Tuesday, November 20, 2012

Versluis vs. Hanegraaff (not sure he understands emic vs. etic here)

Still, one has to wonder about the implications of the sharp division he makes between a “religionist” perspective and an “empiricist” one. Let us consider, for a moment, the example of an alchemical treatise. It may well be that this treatise includes arcane allusions to alchemical work that only a practicing alchemist would recognize and understand. We could envision an etic approach to this treatise that completely fails to recognize what the treatise conveys on alchemical discipline, whereas an emic approach might very well be the only one that could get at what the alchemical work is actually about. In this case, as in a number of others I might also cite, a sympathetic empiricist perspective may well be indispensable for understanding the work one is investigating. And this, in fact, is the methodological approach that I am advocating here.
Methods in the Study of Western Esotericism

Friday, November 2, 2012

Zodiacal Man

Adam McLean on the "Frater Albertus" school

"Yes, it is good to see some researchers revisiting actual alchemical
processes and attempting to repeat some alchemical experiments
described in the original writings, books and manuscripts of alchemists.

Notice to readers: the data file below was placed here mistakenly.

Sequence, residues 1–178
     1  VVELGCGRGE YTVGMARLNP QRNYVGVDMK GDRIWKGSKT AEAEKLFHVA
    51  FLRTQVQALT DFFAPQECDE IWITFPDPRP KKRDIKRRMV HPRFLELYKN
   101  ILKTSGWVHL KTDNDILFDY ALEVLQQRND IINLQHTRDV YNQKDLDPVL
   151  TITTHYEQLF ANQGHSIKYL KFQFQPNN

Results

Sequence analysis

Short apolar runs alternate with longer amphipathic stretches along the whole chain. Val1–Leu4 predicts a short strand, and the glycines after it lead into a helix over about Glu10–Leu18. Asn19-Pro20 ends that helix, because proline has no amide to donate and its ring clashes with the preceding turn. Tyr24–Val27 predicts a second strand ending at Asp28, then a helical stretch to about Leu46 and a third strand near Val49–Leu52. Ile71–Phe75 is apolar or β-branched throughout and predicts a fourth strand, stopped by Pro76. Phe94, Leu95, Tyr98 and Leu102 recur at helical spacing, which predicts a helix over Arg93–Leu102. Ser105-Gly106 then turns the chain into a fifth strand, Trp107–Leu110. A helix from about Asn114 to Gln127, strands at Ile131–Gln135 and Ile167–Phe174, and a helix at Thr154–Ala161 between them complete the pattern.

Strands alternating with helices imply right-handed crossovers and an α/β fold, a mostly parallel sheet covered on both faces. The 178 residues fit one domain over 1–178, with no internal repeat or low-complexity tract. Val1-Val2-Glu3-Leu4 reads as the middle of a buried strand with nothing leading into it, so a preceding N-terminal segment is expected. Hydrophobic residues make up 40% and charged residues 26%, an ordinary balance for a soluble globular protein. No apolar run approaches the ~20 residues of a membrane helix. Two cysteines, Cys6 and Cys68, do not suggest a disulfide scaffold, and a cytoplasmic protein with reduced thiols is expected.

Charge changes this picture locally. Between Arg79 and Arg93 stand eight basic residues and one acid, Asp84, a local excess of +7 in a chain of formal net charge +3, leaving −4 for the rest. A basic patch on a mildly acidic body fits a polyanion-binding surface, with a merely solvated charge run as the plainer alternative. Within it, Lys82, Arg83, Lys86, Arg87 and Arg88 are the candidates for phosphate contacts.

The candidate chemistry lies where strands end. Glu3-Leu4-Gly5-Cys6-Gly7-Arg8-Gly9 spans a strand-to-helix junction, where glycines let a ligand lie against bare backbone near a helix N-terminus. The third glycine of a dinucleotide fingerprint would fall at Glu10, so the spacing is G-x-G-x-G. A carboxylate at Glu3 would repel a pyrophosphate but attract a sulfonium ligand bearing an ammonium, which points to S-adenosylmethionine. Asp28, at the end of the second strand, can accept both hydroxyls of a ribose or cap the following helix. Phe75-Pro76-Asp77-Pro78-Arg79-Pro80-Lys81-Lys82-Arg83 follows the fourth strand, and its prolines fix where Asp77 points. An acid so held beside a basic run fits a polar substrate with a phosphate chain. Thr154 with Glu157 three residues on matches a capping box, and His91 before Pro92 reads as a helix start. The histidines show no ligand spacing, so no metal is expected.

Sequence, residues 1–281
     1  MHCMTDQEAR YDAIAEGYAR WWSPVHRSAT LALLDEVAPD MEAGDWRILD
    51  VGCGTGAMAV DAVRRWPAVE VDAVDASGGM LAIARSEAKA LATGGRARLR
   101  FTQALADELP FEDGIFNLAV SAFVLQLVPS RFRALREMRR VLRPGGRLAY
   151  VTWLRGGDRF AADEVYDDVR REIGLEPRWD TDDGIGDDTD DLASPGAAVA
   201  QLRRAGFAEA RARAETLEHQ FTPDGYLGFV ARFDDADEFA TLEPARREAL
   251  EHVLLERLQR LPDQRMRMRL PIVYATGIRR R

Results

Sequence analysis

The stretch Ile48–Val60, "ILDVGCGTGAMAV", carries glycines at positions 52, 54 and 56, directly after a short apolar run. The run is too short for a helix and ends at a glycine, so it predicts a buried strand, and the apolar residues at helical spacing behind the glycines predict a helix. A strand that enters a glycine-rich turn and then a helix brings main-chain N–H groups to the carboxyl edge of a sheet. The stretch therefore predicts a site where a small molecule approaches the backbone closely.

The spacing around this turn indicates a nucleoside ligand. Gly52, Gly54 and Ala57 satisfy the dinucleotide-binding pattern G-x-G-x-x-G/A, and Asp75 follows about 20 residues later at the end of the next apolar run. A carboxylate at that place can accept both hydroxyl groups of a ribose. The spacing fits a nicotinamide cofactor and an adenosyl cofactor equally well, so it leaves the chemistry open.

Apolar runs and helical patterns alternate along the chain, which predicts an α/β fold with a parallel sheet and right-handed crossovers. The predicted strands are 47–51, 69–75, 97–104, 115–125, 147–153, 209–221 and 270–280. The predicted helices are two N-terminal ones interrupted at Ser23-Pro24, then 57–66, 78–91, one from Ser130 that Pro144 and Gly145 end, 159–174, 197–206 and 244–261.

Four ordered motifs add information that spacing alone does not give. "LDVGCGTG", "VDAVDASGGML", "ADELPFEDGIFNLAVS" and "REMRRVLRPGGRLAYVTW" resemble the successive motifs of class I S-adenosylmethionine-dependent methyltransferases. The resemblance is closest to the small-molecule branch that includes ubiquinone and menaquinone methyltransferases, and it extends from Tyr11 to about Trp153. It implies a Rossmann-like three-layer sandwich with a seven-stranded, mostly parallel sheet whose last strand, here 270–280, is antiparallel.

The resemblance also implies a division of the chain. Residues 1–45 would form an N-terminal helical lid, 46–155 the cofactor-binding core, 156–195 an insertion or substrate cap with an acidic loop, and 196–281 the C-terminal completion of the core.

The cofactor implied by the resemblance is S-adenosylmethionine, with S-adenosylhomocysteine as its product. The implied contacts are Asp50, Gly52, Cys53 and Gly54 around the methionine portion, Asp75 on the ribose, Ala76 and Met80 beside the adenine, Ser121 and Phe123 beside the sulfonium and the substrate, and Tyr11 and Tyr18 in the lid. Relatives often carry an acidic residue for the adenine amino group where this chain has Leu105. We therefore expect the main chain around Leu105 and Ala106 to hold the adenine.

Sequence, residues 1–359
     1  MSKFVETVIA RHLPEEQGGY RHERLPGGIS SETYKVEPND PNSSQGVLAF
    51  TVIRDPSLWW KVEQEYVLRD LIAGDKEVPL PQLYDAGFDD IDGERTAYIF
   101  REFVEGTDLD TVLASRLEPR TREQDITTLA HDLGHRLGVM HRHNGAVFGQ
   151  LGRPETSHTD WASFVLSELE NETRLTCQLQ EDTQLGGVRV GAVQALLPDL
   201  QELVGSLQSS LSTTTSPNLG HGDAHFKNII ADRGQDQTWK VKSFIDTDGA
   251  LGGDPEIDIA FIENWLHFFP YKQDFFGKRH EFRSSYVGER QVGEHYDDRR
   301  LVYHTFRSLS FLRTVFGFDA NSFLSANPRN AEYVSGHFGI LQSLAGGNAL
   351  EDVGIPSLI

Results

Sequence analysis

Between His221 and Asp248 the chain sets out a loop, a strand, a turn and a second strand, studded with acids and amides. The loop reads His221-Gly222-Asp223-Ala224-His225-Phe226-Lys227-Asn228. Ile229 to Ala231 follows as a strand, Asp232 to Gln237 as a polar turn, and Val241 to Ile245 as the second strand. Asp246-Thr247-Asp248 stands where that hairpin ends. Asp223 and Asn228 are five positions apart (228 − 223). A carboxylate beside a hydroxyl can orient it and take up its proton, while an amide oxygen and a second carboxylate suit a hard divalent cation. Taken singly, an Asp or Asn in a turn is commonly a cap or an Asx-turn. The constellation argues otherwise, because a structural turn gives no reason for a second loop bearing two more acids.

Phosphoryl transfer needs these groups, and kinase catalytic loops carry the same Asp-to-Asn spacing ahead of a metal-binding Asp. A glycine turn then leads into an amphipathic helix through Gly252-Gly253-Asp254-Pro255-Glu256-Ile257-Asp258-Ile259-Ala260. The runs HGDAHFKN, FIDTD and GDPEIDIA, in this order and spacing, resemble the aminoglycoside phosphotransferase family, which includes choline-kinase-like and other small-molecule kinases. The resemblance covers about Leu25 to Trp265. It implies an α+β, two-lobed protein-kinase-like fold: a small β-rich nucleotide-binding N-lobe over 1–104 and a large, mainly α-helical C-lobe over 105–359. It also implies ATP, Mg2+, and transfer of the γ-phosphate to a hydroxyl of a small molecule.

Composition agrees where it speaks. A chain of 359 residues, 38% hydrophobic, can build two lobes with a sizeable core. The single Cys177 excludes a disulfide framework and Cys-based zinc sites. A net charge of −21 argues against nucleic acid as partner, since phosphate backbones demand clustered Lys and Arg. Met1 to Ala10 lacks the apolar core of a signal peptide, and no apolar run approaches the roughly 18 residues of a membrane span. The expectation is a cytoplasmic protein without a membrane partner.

Unfortunately, as these often involve high temperatures, molten metals
or salts, corrosive acids and alkalis, as well as poisonous volatile
substances, these can only be undertaken in a properly equipped
chemical laboratory.

From the 1980s, there was popularised by Frater Albertus in the USA
a type of kitchen chemistry, involving simple low temperature distillations
of herbal material. This was presented as an actual "alchemy" which could
result in plant stones and various such preparations which people were
led to believe could cure them of illnesses. Sadly, this was mere froth and
fabrication and had almost no connection to anything one might recognise as
being recorded in actual alchemical writings. During the last 30 years, this
Frater Albertus concocted "alchemy" seems to have been the one which
has become the popular view of practical alchemy, and is trawled through
in study courses and various web sites.

The important thing, surely, is to explore the original writings of the alchemists
and also attempt to repeat their experimental work."

taken from a comment posted here